Avatar: The Last Airbender (Nickelodeon)
Unusually complex characters and healthy respect for the consequences of warfare enhanced this American-made, anime-influenced martial-arts adventure.
Crossfire: Water, Power and Politics (KLAS-TV, Las Vegas)
This network-quality documentary by Las Vegas' CBS affiliate was a brave, meticulous examination of a plan to pipe massive amounts of water from rural Nevada to booming Sin City and the potential consequences for ranchers, farmers, Native Americans and the environment.
Ape Genius (PBS) NOVA, National Geographic Television, John Rubin Productions, Inc.
A synthesis of the latest research on the intelligence and creative capacity of gorillas and other great apes, this stimulating documentary also explored what it means to be human.
CBS News 60 Minutes: Lifeline (CBS)
The world of the uninsured and underinsured in America was unforgettably illuminated by this report about a free-clinic mission, designed for Third World communities, that set up shop in Tennessee for a weekend and treated hundreds of patients.
Lost (ABC) ABC Studios
Breezily mixing metaphysics, quantum physics, romance and cliffhanger action, the genre-bending series about a group of air-crash survivors on a mysterious island has rewritten the rules of television fiction.
Sichuan Earthquake Coverage (Sichuan Television)
When a massive earthquake devastated its province, Chengdu-based Sichuan Television dispatched its camera crews and for several days was the only source of images for TV news organizations around the world.
Independent Lens: Mapping Stem Cell Research -- Terra Incognita (PBS)
Kartemquin Educational Films, Independent Television Service (ITVS)
Neither scientific facts nor ethical complexity nor emotional drama was sacrificed in this documentary about a neurologist who took up stem-cell research after his beloved daughter suffered a spinal injury.
P.O.V.: Campaign (PBS)
Laboratory X Inc., American Documentary Inc., P.O.V., Center for Asian American Media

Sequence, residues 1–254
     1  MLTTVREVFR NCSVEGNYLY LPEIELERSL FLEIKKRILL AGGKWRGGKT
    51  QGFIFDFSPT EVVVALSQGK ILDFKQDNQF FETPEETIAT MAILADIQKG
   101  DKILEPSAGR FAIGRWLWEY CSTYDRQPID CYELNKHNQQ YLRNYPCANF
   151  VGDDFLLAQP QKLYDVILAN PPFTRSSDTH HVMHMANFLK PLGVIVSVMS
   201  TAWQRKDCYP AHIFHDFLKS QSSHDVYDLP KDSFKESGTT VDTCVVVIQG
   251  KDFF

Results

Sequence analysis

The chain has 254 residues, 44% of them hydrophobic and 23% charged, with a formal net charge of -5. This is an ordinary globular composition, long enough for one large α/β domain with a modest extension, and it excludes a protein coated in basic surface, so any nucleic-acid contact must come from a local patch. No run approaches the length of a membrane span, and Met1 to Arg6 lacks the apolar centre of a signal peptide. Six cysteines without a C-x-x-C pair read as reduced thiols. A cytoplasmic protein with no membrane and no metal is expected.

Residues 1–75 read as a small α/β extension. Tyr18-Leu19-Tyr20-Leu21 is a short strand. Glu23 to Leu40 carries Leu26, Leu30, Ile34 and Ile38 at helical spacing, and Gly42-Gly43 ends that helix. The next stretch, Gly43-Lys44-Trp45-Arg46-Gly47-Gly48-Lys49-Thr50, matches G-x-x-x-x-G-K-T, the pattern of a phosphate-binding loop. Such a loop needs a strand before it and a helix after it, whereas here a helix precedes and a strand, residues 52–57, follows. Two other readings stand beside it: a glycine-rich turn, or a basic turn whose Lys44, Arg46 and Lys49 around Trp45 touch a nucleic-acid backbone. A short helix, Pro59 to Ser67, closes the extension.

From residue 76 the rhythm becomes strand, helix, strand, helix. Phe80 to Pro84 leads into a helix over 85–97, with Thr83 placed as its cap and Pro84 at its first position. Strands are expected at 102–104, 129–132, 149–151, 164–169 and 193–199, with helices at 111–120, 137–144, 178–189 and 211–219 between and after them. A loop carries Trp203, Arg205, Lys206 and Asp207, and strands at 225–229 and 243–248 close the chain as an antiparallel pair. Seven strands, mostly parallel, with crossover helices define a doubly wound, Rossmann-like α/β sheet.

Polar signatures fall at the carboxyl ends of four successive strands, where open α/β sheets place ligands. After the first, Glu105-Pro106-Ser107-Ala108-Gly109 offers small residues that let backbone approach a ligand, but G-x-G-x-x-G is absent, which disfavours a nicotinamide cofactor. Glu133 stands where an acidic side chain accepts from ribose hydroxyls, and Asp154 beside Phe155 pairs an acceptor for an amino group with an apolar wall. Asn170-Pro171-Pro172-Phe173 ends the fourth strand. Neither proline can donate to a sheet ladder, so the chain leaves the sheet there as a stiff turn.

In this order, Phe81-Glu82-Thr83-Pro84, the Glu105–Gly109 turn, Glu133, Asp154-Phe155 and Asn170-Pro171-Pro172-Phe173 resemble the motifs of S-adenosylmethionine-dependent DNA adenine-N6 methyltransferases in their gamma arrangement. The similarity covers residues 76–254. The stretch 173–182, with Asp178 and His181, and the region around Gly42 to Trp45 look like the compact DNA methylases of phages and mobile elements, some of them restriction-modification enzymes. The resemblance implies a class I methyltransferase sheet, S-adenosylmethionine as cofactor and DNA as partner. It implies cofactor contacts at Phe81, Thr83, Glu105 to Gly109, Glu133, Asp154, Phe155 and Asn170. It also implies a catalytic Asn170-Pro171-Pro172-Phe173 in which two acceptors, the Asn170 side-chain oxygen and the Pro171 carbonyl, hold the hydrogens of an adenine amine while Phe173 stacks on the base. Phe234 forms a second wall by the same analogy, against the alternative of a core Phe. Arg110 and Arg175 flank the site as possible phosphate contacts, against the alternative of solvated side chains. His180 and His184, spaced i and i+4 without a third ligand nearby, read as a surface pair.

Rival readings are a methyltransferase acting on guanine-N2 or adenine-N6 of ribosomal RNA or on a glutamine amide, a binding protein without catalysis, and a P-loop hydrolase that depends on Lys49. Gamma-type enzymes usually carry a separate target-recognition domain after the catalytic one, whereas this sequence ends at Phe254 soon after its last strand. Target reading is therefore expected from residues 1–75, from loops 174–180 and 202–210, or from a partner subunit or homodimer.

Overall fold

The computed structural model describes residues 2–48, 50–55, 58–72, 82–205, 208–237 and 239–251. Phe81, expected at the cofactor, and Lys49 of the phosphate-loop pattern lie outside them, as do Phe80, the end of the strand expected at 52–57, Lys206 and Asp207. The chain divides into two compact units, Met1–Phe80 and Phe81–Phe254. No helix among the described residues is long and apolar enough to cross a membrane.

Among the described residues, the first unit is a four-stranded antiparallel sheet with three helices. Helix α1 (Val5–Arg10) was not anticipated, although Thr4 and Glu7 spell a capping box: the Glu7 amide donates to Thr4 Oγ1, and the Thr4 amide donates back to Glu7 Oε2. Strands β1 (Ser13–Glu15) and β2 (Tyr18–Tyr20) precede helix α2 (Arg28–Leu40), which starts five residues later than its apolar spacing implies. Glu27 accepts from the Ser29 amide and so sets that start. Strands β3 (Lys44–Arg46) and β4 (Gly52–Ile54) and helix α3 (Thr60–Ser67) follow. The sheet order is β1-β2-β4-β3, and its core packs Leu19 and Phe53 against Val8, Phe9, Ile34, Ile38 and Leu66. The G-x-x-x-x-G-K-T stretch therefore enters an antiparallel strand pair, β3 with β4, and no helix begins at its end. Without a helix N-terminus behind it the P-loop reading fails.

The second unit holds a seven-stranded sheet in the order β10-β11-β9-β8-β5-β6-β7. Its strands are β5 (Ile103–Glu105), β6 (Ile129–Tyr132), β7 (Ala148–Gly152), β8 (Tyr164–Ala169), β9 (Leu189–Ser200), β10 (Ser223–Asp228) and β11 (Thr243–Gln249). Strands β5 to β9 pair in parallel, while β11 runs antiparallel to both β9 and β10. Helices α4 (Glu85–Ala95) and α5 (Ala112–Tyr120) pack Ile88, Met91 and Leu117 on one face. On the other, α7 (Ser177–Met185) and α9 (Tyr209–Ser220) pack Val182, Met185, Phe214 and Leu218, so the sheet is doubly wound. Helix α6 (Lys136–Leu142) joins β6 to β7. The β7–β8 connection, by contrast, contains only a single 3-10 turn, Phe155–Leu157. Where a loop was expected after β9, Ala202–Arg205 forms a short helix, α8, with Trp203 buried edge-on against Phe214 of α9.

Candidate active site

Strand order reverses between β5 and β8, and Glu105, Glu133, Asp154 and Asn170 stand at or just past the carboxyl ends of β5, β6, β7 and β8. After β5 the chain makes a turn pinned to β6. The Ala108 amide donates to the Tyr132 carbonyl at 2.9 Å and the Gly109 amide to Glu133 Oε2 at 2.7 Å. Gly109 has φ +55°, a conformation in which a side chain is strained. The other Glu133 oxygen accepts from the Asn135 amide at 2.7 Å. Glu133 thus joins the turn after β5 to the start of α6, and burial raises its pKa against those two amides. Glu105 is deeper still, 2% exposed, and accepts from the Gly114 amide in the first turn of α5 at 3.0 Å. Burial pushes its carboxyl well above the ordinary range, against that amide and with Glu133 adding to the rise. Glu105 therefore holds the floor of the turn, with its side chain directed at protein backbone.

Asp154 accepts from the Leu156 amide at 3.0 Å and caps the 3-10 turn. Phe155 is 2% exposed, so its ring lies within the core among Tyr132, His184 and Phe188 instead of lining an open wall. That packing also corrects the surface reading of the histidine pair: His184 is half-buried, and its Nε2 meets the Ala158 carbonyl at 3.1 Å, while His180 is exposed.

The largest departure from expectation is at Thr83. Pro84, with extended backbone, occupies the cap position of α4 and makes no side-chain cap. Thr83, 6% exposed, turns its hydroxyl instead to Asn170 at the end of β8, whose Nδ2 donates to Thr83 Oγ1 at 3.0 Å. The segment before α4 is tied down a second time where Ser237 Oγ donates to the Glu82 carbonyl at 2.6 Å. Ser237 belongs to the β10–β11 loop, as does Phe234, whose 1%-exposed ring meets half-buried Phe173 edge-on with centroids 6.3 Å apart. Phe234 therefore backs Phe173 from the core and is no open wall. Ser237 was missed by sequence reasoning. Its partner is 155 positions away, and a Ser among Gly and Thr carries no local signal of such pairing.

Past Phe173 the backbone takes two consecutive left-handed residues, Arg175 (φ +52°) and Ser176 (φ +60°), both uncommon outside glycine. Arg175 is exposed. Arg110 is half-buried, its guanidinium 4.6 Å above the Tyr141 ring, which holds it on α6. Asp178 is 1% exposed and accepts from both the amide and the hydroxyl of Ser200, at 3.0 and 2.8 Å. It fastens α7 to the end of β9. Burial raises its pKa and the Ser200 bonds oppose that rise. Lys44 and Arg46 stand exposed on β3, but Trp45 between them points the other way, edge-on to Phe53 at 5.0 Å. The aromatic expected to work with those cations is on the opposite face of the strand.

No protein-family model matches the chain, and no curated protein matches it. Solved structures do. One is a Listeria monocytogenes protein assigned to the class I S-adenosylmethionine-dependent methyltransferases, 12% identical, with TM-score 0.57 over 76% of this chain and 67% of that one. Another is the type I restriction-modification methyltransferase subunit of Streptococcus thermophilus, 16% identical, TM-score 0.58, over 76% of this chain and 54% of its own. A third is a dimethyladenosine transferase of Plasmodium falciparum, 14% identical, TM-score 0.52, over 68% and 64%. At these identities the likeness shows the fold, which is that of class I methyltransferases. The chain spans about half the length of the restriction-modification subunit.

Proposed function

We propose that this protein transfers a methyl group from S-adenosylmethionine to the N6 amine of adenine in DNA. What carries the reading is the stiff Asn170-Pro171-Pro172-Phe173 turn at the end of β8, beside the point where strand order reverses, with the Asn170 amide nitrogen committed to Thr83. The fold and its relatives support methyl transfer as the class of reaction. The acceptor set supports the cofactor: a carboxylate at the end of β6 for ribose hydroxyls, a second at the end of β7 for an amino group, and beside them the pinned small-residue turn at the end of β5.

Soda Kazuhiro's revealing, sometimes painfully funny documentary observed the ragged political campaign of a naif handpicked and backed by Japan's ruling Liberal Democratic Party.
Failing the Children: Deadly Mistakes (KMGH-TV KMGH-TV, Denver)
Motivated by the starvation death of a 7-year-old boy, the station's persistent investigation turned up systemic incompetence in Denver's Department of Human Services, and then broadened into a state-wide story.
Richard Engel Reports: Tip of the Spear (NBC), NBC Nightly News
Under fire at times, the war correspondent and his team produced an extraordinary series of reports from remote outposts in Afghanistan, making vivid and visceral the hardships and danger faced by American soldiers.
The Metropolitan Opera: Live in HD Series, the Metropolitan Opera Assn.
With vividly designed, smartly annotated productions of "Hansel and Gretel," "Dr. Atomic," "Peter Grimes" and other operas, the Met used state-of-the-art digital technology to reinvent presentation of a classic art form.
Nanking (HBO), A Ted Leonsis production in association with HBO Documentary Films
Human decency rises to confront human atrocity in this powerful, newly documented remembrance of a small group of Westerners who saved thousands of Chinese during the 1937 "rape of Nanking" by Japanese invaders.
Hearst-Argyle Television: Commitment 2008 (Hearst-Argyle Stations)
Exemplars of public-service broadcasting, 25 Hearst-Argyle stations fulfilled a company mandate with extensive reporting on candidates and issues in their respective communities and supplemented on-air reports with online forums, profiles and debate coverage.
Onion News Network, the Onion
The satirical tabloid's online send-up of 24-hour cable-TV news was hilarious, trenchant and not infrequently hard to distinguish from the real thing.
Turner Classic Movies (Turner Broadcasting System Inc.)
It's a wonderful network, this dedicated presenter and preserver of vintage films, and after 15 years, no other in the cable spectrum has stayed truer to its original mission.
The video-sharing Web site, a "Speakers' Corner," where Internet users can upload, view and share clips, is an ever-expanding archive-cum-bulletin board that both embodies and promotes democracy.